Grab a GPS and go geocaching
Annie Love, 29, runs briskly along her favorite loop trail around Seattle's Green Lake then suddenly veers off ...
Photo by Chris Hunter
Annie Love, 29, runs briskly along her favorite loop trail around Seattle's Green Lake then suddenly veers off in the direction the global positioning system (GPS) in her hand is indicating. She's hot on the trail of GC180ZE, a "geocache" hidden somewhere in Woodland Park and one of almost 6000 in the city. Love heads south until she reaches an upright dead tree. Bingo! She digs through a pile of leaves to find a small box, signs the tiny log book inside, replaces the container and runs off in search of the next hidden treasure.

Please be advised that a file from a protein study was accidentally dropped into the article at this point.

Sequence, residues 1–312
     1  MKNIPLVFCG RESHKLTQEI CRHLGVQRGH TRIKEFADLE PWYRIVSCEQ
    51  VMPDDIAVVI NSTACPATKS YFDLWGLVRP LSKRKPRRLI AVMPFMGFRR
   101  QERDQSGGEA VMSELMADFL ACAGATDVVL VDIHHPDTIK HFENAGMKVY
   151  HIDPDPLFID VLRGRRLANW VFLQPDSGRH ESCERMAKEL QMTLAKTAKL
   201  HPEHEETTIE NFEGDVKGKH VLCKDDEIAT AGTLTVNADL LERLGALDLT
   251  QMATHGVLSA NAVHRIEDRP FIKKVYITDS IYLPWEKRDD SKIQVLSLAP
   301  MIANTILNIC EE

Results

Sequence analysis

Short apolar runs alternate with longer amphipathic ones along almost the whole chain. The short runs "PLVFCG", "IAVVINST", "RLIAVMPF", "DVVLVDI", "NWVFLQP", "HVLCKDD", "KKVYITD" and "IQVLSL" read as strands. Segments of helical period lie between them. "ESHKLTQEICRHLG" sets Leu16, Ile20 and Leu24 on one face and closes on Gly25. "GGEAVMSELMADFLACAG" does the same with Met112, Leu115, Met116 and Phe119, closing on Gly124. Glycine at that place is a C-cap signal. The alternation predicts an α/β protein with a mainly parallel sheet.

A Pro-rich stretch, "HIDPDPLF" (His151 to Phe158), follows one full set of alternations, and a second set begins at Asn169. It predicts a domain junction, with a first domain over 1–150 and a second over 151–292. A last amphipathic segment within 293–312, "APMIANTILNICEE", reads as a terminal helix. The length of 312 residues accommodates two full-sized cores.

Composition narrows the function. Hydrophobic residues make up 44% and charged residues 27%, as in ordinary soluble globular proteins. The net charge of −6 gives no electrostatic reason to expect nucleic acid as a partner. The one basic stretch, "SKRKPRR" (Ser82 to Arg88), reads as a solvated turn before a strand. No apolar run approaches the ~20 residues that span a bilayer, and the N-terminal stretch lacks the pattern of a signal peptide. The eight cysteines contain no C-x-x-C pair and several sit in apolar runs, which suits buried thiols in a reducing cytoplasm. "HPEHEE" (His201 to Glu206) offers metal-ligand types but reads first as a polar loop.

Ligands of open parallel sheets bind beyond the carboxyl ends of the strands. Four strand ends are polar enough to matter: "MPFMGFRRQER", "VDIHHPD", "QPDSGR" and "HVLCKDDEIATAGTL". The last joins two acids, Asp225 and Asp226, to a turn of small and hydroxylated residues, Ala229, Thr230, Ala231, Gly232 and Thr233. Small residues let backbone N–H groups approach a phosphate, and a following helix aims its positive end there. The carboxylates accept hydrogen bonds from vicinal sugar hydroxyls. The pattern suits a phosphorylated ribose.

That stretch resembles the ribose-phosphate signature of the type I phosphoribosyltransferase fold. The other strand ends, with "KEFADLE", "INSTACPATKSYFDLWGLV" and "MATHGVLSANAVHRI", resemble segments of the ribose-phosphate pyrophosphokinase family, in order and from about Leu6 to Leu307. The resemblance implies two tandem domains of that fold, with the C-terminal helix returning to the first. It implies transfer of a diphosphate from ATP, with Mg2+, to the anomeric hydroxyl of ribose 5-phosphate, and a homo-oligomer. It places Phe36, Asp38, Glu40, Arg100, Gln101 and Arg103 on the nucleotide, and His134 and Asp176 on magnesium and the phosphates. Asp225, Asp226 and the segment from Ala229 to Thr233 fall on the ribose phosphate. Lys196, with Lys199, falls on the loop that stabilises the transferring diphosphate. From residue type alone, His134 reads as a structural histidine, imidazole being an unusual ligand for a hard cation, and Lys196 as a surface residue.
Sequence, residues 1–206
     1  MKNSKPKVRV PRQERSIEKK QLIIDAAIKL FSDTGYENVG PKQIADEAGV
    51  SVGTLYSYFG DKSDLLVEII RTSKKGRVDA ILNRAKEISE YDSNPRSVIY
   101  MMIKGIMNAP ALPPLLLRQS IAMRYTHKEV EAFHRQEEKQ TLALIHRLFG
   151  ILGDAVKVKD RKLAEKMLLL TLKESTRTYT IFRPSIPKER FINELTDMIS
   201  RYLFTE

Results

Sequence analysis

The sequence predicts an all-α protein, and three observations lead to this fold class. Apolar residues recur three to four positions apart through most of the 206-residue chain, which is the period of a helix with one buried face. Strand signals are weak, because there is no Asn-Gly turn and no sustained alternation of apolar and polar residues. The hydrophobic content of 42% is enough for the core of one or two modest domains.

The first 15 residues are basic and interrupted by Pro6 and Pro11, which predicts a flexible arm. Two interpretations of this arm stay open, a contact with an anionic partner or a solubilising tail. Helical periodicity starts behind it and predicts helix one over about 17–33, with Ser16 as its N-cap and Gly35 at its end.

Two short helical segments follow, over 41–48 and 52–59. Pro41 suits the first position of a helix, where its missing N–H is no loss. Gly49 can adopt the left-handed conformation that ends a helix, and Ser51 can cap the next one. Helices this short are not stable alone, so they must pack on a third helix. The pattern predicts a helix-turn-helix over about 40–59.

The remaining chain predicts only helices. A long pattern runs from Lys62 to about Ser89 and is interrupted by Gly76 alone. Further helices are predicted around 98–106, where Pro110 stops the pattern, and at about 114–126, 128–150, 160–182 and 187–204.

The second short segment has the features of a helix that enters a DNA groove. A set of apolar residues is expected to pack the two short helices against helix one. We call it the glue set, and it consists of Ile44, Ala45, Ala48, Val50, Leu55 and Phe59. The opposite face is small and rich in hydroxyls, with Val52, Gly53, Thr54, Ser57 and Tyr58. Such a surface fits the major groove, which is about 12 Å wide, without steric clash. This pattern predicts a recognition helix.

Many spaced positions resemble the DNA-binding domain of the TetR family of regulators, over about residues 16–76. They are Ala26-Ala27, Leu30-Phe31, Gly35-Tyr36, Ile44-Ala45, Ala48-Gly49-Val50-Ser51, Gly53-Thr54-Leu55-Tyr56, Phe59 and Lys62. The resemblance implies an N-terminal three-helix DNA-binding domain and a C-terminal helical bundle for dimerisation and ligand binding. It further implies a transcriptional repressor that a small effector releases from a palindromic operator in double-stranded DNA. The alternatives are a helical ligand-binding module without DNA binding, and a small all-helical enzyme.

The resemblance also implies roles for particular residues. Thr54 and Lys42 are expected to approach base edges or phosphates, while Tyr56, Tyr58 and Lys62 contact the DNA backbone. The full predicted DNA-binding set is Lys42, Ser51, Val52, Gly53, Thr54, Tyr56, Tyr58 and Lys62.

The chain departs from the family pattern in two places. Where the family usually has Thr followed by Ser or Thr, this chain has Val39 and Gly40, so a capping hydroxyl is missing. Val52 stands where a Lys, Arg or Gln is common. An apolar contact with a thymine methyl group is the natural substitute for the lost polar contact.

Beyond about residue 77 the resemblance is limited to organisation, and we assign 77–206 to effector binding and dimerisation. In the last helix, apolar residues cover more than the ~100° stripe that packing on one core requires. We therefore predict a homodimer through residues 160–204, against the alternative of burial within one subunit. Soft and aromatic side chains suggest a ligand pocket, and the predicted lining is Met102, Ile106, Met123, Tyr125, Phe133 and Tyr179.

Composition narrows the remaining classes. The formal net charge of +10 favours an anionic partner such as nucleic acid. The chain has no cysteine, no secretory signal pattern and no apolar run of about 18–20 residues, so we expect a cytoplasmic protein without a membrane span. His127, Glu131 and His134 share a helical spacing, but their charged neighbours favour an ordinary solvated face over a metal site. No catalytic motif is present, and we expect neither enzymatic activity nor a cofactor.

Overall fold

"I've discovered some of my favorite urban trails through geocaching," says Love.
A high-tech version of hide and seek, geocaching involves logging onto one of the sport's websites, such as www.geocaching.com, and searching by zip code or region the location of local caches hidden by other "geocachers" (anyone who joins the online community and searches for or hides geocaches, or "caches" for short). Select a single or string of caches along a trail or scattered throughout a park and download their GPS coordinates (longitude and latitude) to your handheld GPS receiver. Then lace up your running shoes and follow the receiver's directions to those locations to uncover the hidden treasure.